Redevelopment Director Dick Bradford wants residents and developers alike to catch the vision of what the area between 9400 and 11400 South from I-15 to State Street can become - and now he can show them a model.
The city's new Economic Development Center, housed at South Towne Center, opened Thursday with politicians, city staffers and guests on hand to make it official.The office's main attraction is a model of the area surrounding the shopping mall, with dozens of office buildings and other, as yet mostly imaginary, developments neatly arrayed.
Mayor Steve Newton had the original vision of the area's potential, Bradford said. And in the recent mayoral race, the man who defeated Newton, former Mayor Larry Smith, quickly adopted Newton's campaign theme of this area someday becoming the downtown of the entire south valley.
The new office will help both the city and the mall realize that dream, Bradford said. The mall's owners will be able to woo prospective tenants by showing them concretely what developments are planned for the area, and the location will give new exposure to the city's development efforts.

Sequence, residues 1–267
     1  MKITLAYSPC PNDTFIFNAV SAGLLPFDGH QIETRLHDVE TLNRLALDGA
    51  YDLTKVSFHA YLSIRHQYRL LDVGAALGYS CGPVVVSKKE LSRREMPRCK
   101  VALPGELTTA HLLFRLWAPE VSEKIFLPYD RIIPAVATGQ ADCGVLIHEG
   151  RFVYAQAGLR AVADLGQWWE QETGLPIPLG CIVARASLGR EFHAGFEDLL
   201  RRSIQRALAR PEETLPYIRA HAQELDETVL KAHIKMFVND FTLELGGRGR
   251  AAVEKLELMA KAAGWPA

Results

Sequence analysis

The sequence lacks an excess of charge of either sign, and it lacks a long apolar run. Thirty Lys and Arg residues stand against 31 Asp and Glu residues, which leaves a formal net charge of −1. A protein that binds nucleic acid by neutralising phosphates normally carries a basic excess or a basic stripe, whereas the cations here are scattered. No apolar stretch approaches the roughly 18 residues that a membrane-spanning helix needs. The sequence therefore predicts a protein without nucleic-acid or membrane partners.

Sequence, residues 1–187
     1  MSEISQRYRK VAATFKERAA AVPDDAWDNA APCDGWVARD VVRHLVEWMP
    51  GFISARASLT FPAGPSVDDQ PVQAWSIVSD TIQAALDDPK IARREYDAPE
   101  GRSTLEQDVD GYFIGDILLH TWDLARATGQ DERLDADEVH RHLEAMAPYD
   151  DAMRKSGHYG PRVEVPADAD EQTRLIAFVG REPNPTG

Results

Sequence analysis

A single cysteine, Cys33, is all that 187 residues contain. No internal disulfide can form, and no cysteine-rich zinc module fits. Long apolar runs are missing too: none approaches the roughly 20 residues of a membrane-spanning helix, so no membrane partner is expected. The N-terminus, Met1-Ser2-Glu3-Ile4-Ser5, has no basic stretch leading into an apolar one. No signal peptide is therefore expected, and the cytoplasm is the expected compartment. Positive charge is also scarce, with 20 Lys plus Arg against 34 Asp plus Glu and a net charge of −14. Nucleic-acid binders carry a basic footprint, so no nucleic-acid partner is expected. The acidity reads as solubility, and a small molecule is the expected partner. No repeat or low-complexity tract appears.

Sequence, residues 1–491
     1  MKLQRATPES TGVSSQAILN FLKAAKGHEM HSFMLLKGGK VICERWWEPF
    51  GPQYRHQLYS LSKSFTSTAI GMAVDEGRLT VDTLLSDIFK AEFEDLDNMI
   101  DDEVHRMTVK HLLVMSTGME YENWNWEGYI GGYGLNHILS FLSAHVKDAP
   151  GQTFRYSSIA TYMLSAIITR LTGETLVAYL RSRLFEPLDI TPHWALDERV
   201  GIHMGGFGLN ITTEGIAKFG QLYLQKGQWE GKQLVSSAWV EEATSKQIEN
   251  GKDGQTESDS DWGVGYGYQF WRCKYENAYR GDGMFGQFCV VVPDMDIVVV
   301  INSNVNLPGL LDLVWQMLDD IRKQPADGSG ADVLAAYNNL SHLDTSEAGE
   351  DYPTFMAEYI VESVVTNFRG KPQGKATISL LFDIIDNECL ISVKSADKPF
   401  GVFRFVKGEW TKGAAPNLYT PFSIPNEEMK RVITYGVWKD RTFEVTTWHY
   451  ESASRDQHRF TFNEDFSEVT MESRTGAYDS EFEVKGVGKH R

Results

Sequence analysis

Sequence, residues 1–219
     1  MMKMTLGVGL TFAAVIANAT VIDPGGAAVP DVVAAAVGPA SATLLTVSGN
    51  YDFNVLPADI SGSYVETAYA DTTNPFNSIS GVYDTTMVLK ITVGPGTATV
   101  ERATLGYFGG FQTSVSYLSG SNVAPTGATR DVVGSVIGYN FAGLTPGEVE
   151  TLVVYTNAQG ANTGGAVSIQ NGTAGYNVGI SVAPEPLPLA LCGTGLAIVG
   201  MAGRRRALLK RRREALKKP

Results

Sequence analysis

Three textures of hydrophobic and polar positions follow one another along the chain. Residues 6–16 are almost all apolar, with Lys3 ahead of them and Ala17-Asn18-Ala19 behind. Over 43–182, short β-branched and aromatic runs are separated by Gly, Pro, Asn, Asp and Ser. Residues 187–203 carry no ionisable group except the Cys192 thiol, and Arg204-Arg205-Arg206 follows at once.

Bradford and Newton praised the mall's owners for making the 834 square feet of space available to the city for two years at $1 per year. Normally, the space would cost about $18 per square foot, said mall manager Neil Rollins.
If at the end of the two years South Towne needs the space, it may move the office into other available space, Rollins said. And Bradford said the city has also talked with other developers about possibly moving into one of their future projects. "We may be transient in our location," moving from space to space as the area grows, he said.
Bradford's operation will be small at first - his total staff will consist of himself. He hopes in next year's budget to get a full-time receptionist/sec-retary. He currently has a part-time secretary, but she'll be staying at City Hall for the time being.
But Bradford will get some help before next July from volunteers from the Sandy Area Chamber of Commerce. He hopes to have the office open weekdays from 8 a.m. to 5 p.m. and possibly also on weekends, with volunteers on hand to answer questions and pass out literature.
Bradford said he looks forward not only to running the city's Redevelopment Agency out of the new office but also to functioning as an economic development ombudsman for the city. Being housed away from the regulators at City Hall will help him perform that function by giving him a more independent image as he assists developers through the city's approval processes, he explained.